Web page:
yield! (7L, 4L) |> Seq.unfold (fun (p, tog) -> if p <= upTo then Some(p, (p + tog, 6L - tog)) else None)
}
|> Seq.filter is_prime_juliet;;
Real: 00:00:00.000, CPU: 00:00:00.000, GC gen0: 0, gen1: 0, gen2: 0

val getPrimes : int64 -> seq<int64>

> getPrimes 2000000L |> Seq.fold (fun acc _ -> acc + 1) 0;;
Real: 00:00:01.364, CPU: 00:00:01.357, GC gen0: 36, gen1: 1, gen2: 0
val it : int = 148933
``````

We dropped from 1.530s to 01.364s, so we gained about 1.21x more speed. Awesome!

-
Just for completeness, here's some more prime-related functions: pastebin.com/f23c064c –  Juliet Jan 13 '10 at 7:04
Now that is just awesome! –  ChaosPandion Jan 13 '10 at 20:52

Just for funsies, let's take a look at this page.

pi(x) is the prime counting function, it returns the number of primes below x. You can approximate pi(x) using the following inequalities:

``````(x/log x)(1 + 0.992/log x) < pi(x) < (x/log x)(1 + 1.2762/log x)
// The upper bound holds for all x > 1
``````

p(x) is the nth's prime function, which can be approximated using:

``````n ln n + n ln ln n - n < p(n) < n ln n + n ln ln n
// for n >= 6
``````

With that in mind, here is a very fast generator which computes the first n primes, where each element at index `i` equal `p(i)`. So, if we want to cap our array at primes below 2,000,000, we use the upperbound inequality for the prime counting function:

``````let rec is_prime (primes : int[]) i testPrime maxFactor =
if primes.[i] > maxFactor then true
else
if testPrime % primes.[i] = 0 then false
else is_prime primes (i + 1) testPrime maxFactor

let rec prime_n (primes : int[]) primeCount testPrime tog =
if primeCount < primes.Length then
let primeCount' =
if is_prime primes 2 testPrime (float testPrime |> sqrt |> int) then
primes.[primeCount] <- testPrime
primeCount + 1
else
primeCount
prime_n primes primeCount' (testPrime + tog) (6 - tog)

let getPrimes upTo =
let x = float upTo
let arraySize = int <| (x / log x) * (1.0 + 1.2762 / log x)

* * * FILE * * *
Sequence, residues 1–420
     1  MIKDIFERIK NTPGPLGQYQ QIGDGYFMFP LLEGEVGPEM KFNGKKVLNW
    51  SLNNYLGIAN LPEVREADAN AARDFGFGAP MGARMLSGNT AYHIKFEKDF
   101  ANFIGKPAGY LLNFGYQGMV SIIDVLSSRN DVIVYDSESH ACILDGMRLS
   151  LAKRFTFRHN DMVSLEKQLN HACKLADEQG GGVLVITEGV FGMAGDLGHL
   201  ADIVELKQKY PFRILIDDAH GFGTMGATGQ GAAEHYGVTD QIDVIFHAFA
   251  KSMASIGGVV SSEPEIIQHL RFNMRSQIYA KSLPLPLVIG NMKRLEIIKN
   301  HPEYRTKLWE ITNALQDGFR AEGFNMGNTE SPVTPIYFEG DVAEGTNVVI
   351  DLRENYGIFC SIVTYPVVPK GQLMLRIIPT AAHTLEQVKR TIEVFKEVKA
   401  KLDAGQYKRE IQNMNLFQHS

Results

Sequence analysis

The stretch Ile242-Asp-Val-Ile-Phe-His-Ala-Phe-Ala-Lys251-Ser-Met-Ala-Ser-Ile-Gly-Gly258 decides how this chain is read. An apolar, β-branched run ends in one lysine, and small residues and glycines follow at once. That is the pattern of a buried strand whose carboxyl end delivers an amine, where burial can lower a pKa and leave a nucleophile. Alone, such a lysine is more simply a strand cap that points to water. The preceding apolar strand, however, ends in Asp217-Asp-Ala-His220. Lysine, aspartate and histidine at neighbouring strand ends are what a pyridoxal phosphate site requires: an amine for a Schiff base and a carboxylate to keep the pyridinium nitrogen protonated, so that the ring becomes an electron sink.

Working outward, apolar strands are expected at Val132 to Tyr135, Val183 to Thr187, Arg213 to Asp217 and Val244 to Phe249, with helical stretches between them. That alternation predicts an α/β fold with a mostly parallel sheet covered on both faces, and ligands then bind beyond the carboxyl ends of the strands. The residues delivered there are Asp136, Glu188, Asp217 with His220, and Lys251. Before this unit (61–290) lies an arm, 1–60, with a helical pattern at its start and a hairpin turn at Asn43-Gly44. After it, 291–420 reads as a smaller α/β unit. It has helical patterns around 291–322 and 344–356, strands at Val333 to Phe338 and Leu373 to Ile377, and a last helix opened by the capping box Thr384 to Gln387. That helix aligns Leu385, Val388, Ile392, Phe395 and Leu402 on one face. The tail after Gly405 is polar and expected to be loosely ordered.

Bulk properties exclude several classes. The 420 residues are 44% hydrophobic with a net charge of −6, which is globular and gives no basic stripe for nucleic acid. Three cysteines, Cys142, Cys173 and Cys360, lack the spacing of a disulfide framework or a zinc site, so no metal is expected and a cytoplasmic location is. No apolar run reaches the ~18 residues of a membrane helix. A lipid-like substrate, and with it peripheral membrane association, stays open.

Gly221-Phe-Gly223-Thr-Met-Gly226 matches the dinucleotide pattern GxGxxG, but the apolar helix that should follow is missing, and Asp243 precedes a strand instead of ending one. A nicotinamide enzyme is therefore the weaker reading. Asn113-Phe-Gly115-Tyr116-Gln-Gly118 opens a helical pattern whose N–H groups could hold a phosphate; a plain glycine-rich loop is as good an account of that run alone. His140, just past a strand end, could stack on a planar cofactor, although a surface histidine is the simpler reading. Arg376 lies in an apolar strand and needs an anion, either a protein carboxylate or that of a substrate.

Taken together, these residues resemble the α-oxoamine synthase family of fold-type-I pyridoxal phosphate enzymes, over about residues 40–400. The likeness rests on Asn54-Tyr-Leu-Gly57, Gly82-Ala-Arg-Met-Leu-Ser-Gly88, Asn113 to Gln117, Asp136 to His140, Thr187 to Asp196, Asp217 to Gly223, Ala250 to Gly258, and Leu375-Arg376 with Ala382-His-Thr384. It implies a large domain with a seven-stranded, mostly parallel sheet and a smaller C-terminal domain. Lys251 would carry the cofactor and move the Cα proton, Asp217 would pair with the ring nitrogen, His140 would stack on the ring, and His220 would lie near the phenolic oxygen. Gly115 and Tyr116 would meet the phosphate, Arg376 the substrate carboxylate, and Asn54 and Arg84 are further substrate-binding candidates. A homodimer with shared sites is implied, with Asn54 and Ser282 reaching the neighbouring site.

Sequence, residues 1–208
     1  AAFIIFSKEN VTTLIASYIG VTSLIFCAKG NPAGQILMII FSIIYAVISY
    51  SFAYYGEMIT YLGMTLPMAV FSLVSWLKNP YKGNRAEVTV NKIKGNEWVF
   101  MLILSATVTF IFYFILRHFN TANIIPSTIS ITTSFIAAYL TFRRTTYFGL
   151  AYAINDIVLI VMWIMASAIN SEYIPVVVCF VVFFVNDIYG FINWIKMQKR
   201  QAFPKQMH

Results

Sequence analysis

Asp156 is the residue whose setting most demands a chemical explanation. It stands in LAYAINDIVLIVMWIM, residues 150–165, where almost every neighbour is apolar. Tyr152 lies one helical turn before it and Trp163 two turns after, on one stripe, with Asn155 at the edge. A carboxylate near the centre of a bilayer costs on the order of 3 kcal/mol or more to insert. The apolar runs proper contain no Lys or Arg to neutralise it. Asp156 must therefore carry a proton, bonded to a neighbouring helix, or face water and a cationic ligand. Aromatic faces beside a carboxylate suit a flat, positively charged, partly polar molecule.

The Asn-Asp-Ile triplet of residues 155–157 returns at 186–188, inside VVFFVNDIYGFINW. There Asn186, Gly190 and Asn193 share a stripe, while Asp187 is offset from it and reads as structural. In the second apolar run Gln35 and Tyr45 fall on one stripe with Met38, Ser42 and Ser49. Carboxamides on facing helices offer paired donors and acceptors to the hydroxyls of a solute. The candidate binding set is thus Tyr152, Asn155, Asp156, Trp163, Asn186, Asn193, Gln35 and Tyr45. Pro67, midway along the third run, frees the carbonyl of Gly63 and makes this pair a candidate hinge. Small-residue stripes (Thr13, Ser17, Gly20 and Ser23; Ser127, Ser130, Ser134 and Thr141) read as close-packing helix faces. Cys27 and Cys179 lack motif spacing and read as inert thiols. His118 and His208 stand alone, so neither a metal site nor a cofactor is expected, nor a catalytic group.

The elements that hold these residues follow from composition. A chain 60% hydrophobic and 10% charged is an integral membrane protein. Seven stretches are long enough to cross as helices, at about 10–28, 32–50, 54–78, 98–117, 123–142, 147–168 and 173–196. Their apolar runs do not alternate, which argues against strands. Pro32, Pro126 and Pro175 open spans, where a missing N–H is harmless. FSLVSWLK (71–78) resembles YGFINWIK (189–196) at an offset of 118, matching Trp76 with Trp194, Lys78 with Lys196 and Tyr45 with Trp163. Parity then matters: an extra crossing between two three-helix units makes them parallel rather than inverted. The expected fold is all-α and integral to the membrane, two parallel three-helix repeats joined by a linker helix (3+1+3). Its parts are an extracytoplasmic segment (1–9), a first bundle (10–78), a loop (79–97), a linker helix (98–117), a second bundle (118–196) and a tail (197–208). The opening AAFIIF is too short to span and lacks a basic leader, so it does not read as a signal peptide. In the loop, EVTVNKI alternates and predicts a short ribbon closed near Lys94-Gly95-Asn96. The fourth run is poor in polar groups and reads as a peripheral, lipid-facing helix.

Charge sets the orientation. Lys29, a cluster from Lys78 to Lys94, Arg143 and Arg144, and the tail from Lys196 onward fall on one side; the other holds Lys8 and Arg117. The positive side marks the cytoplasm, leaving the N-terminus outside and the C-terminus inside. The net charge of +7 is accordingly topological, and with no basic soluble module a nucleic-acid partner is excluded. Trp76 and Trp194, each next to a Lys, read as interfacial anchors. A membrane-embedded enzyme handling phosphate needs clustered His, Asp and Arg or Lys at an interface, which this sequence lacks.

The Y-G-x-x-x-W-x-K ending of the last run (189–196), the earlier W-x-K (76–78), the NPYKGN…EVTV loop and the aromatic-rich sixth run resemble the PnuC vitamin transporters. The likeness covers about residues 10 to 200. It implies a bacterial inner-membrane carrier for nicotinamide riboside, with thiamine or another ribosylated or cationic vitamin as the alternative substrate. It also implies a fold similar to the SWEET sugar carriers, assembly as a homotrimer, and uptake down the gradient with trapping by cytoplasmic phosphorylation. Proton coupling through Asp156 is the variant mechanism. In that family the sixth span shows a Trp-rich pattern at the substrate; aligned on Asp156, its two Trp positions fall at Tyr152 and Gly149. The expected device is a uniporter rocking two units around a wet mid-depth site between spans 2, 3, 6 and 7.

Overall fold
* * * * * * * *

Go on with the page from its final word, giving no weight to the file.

let primes = Array.zeroCreate (max arraySize 3)
primes.[0] <- 2
primes.[1] <- 3
primes.[2] <- 5

prime_n primes 3 7 4
primes
``````

Cool! So how fast is it? On my 3.2ghz quad-core, I get the following in fsi:

``````> let primes = getPrimes 2000000;;
Real: 00:00:00.534, CPU: 00:00:00.546, GC gen0: 0, gen1: 0, gen2: 0

val primes : int [] =
[|2; 3; 5; 7; 11; 13; 17; 19; 23; 29; 31; 37; 41; 43; 47; 53; 59; 61; 67; 71;
73; 79; 83; 89; 97; 101; 103; 107; 109; 113; 127; 131; 137; 139; 149; 151;
157; 163; 167; 173; 179; 181; 191; 193; 197; 199; 211; 223; 227; 229; 233;
239; 241; 251; 257; 263; 269; 271; 277; 281; 283; 293; 307; 311; 313; 317;
331; 337; 347; 349; 353; 359; 367; 373; 379; 383; 389; 397; 401; 409; 419;
421; 431; 433; 439; 443; 449; 457; 461; 463; 467; 479; 487; 491; 499; 503;
509; 521; 523; 541; ...|]

> printfn "total primes: %i. Last prime: %i" (primes.Length - 1) primes.[primes.Length - 1];;
total primes: 149973. Last prime: 2014853
``````

So that's all the primes around 2 million in less than half a second :)

-

EDIT: updated version below, uses less memory and is faster

Sometimes it's good to be able to mutate stuff. Here's a, admittedly rather imperative, version that trades memory for speed. Since this thread turned out to host a nice collection of prime generating functions in F#, I thought it would be nice to add mine anyway. Using a BitArray keeps memory hogging in check.